Straight Talk – Staring Down The Barrel
‘I learned that courage was not the absence of fear, but the triumph over it. The brave man is not he who does not feel afraid, but he who conquers that fear’ – Nelson Mandela
‘Let’s go bodyboarding in Autumn. It will be fun’, he said. But as I lay awake into the early hours, listening to the rain pelt against the yurt roof at our camping site, I have to be honest; I was afraid.
That was the week that Hurricane Humberto furiously lashed its tail across the coast of Cornwall, with 45 mph winds predicted by the MET Office. I couldn’t think of anywhere I’d rather not be, than the ocean.
In truth, even if the weather had been a calm summery day, with hardly a puff of wind, I would have been scared; I’m afraid of being out of my depth. A childhood fear brought on by capsizing in the deep end of a swimming pool. We had been playing on a rubber dinghy and as I plummeted into the water I was held under by another child, who had panicked and grabbed hold of me. Luckily, someone noticed in time and rescued me, but not before fear had wrapped her tentacles around my heart.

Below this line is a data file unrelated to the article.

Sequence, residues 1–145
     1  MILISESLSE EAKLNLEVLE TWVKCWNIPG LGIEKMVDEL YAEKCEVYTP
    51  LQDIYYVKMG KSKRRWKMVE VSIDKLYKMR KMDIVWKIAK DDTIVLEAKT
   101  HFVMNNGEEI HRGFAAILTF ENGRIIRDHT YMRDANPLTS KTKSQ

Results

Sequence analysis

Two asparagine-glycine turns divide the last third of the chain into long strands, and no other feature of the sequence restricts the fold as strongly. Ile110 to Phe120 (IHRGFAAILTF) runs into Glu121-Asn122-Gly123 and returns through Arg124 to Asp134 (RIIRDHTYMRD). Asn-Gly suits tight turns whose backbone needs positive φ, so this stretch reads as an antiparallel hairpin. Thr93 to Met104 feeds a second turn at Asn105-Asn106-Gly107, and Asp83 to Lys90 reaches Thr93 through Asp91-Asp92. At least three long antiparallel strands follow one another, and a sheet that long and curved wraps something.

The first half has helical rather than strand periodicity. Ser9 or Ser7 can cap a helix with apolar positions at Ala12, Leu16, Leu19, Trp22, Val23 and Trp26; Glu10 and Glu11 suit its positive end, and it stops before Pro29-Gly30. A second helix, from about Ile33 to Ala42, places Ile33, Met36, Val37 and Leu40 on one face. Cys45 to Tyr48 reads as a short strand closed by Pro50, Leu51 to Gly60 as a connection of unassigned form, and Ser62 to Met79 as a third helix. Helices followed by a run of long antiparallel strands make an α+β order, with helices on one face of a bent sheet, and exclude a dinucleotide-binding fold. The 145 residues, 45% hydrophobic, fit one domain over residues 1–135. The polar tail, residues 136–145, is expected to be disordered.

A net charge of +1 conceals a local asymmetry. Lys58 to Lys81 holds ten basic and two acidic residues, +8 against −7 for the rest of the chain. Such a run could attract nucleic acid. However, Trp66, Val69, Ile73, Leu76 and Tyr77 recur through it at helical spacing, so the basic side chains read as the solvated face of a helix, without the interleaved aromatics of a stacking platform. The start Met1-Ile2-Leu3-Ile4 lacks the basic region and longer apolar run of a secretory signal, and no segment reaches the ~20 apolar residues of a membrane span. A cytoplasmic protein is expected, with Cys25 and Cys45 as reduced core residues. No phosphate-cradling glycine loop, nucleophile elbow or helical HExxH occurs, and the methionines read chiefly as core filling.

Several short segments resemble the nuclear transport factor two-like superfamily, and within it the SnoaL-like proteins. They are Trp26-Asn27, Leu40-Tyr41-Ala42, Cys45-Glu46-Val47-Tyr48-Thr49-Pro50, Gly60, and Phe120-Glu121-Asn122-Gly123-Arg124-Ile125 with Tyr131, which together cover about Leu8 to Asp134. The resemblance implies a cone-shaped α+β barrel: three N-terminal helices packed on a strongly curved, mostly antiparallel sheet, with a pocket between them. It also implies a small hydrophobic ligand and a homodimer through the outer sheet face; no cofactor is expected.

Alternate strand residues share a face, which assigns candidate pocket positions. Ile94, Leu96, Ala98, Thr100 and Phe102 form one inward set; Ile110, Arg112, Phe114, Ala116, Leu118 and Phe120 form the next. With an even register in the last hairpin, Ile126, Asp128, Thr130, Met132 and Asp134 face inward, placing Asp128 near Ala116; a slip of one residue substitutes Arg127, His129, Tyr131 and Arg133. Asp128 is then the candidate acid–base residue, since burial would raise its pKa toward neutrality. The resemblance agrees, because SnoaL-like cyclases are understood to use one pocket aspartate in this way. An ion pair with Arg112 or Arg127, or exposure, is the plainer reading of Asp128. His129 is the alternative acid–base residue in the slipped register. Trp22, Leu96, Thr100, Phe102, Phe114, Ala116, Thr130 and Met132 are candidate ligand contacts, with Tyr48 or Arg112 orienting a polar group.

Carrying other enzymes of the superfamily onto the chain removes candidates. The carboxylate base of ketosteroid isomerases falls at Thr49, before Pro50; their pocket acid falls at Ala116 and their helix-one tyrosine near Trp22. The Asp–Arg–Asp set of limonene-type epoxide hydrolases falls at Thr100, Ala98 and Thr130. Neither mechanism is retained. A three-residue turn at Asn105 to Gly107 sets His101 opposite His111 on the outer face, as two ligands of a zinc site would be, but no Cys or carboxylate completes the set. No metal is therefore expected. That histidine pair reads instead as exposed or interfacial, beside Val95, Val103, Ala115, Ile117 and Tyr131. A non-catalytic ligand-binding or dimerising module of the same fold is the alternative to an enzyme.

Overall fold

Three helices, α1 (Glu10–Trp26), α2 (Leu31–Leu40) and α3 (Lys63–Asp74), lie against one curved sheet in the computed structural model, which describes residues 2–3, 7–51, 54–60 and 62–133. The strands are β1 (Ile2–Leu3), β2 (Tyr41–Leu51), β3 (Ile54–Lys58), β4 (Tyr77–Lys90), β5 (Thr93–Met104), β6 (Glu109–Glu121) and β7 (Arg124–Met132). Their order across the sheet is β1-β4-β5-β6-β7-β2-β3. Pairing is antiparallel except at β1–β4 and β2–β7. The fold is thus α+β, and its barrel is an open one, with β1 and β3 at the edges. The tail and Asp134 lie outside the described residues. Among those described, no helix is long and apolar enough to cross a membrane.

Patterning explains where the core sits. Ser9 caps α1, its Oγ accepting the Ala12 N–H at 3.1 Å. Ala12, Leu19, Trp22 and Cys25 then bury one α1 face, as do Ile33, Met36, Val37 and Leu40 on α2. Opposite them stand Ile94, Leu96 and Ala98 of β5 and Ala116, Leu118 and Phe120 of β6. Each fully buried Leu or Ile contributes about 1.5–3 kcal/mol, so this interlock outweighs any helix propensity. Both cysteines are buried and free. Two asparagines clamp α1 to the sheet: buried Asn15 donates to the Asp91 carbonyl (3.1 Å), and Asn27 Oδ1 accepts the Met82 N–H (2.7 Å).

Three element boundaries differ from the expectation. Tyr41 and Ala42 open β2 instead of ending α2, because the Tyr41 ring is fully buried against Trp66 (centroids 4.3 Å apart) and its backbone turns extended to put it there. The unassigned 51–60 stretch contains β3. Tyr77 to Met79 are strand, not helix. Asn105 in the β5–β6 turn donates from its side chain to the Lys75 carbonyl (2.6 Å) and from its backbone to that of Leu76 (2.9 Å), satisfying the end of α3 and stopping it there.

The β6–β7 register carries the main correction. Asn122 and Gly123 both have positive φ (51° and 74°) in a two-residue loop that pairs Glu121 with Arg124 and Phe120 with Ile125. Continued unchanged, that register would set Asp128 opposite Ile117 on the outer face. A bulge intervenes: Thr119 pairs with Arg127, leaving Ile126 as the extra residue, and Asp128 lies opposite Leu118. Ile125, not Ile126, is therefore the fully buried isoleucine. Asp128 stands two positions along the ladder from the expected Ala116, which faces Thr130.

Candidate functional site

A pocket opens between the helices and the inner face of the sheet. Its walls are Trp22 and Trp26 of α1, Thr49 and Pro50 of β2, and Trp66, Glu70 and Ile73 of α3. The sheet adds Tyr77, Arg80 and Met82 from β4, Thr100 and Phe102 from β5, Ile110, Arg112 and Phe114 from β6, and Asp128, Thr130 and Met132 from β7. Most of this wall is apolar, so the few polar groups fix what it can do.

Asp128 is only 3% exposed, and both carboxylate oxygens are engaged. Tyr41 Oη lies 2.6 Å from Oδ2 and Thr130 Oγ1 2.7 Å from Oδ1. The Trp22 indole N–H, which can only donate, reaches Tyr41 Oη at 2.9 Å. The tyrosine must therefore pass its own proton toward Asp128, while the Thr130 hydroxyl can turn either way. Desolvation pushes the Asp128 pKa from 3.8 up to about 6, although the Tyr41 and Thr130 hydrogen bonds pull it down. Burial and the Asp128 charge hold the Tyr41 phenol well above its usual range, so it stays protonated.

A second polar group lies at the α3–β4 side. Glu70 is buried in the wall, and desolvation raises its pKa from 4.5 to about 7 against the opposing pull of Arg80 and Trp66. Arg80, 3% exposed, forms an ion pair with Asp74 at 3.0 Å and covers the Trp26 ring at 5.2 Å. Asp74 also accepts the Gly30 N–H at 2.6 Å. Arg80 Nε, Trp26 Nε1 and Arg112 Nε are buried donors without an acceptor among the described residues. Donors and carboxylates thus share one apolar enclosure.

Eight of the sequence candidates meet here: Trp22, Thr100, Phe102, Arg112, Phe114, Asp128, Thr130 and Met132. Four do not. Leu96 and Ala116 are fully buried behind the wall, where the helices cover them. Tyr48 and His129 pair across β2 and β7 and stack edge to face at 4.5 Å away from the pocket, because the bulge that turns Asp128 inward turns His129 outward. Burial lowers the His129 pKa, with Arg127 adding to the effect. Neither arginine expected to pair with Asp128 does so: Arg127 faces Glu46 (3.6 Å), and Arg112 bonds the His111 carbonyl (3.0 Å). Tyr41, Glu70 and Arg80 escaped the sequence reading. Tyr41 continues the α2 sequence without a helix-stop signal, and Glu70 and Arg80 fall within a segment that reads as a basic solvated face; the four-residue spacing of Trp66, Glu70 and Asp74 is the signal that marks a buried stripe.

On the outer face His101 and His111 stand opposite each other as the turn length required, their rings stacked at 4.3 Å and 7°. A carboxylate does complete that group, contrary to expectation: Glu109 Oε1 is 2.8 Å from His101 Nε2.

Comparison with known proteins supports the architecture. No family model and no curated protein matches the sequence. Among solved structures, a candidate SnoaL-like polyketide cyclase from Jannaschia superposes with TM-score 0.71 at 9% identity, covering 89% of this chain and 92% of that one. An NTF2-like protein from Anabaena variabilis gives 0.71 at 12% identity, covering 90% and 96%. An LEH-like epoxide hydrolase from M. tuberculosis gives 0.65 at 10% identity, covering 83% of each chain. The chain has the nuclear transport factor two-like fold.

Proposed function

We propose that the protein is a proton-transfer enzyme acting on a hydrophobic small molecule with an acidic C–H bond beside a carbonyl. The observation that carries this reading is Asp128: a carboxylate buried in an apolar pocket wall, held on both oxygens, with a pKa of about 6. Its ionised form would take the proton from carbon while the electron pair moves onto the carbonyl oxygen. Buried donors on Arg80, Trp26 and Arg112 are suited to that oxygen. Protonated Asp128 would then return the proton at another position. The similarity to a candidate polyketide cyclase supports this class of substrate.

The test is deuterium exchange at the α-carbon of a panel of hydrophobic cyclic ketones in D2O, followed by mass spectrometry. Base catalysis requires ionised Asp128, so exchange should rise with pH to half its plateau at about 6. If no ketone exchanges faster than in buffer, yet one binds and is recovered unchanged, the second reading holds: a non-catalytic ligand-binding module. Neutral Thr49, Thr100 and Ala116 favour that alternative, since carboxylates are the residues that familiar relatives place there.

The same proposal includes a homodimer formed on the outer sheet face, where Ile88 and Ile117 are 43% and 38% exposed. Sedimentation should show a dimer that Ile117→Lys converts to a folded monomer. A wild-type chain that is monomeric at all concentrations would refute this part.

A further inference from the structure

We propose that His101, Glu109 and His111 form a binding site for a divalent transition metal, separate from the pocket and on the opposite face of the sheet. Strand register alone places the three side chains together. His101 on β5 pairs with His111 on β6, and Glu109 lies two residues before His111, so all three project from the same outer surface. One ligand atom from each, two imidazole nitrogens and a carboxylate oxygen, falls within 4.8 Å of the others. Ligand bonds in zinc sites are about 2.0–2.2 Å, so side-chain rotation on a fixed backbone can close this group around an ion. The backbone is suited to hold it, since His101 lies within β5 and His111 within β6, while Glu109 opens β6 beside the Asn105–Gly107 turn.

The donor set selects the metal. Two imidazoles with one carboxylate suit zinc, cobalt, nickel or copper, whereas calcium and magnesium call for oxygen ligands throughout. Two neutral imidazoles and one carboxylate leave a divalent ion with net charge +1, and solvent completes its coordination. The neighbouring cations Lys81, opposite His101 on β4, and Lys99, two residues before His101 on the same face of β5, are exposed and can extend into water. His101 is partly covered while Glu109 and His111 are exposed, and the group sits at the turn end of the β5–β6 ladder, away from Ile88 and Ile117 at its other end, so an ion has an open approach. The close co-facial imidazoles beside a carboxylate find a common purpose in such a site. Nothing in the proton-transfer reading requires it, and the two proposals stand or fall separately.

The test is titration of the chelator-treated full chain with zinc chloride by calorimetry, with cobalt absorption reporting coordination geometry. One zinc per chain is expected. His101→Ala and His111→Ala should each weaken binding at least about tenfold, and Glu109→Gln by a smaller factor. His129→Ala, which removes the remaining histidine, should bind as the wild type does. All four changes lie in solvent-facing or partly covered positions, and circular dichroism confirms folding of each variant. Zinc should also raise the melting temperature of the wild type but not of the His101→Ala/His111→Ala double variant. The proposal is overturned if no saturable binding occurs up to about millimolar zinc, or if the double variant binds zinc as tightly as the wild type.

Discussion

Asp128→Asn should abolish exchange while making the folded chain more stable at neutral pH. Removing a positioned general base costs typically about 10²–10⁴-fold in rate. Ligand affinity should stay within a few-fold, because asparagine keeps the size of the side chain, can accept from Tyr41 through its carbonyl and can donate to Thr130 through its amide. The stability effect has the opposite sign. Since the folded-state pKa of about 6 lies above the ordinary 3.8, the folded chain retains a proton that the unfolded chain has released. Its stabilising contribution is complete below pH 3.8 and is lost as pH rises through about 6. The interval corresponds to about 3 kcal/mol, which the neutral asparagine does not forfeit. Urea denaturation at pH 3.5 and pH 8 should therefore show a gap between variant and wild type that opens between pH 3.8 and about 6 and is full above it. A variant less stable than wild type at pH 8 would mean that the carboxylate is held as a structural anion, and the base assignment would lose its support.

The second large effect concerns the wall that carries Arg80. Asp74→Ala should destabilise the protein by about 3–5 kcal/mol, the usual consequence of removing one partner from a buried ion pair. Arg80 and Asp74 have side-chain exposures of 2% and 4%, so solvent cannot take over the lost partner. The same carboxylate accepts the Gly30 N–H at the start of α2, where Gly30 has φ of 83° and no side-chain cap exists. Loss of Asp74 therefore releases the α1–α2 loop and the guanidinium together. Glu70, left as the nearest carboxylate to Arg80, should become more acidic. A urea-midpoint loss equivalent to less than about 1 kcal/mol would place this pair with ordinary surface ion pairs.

The bodyboarding training ‘holiday’ was, in my mind, less about a relaxing getaway and more about trying to escape from the task that lay ahead.
Bathophobia, or the fear of depth, is just one of many phobias that human beings may experience and whilst the causes of phobias are often unknown, experts believe that they stem from a traumatic or negative event in an individual’s early life.
But how do we overcome our fears or phobias, particularly when they may seem unreasonable and even intangible to some? Xenophobia, for example – a fear of the unknown, is the irrational fear experienced about a person or situation that is perceived as foreign. Basically, the fear of anything unknown that is beyond one’s comfort zone. How do you overcome fearing something that you don’t even know about yet?
When it comes to bathophobia, experts recommend hypnosis, systematic desensitization, CBT (cognitive behaviour therapy) and even medication to calm the nerves (not ideal if it makes you drowsy and impairs concentration). Mental exercises, such as imagining oneself swimming beyond the breaking waves may help and then there’s the suggestion that starting in waist deep water and slowly progressing, may work. Suffice to say that anyone with such phobia, would need to see for themselves what works or could be tolerable.
For me, it seems, the fear was to be overcome by actually taking the bull by the horns and doing it. Oh my!
On the morning of our excursion, our bodyboarding experts briefed us as to what to expect throughout the day. We introduced ourselves to the rest of the group; I felt breathless and close to tears, apparently the only person afraid of doing what everyone else seemed so eager for.
I had a knot in the pit of my stomach; rising anxiety which made me feel like running away and I honestly didn’t think I would make it through the experience unharmed.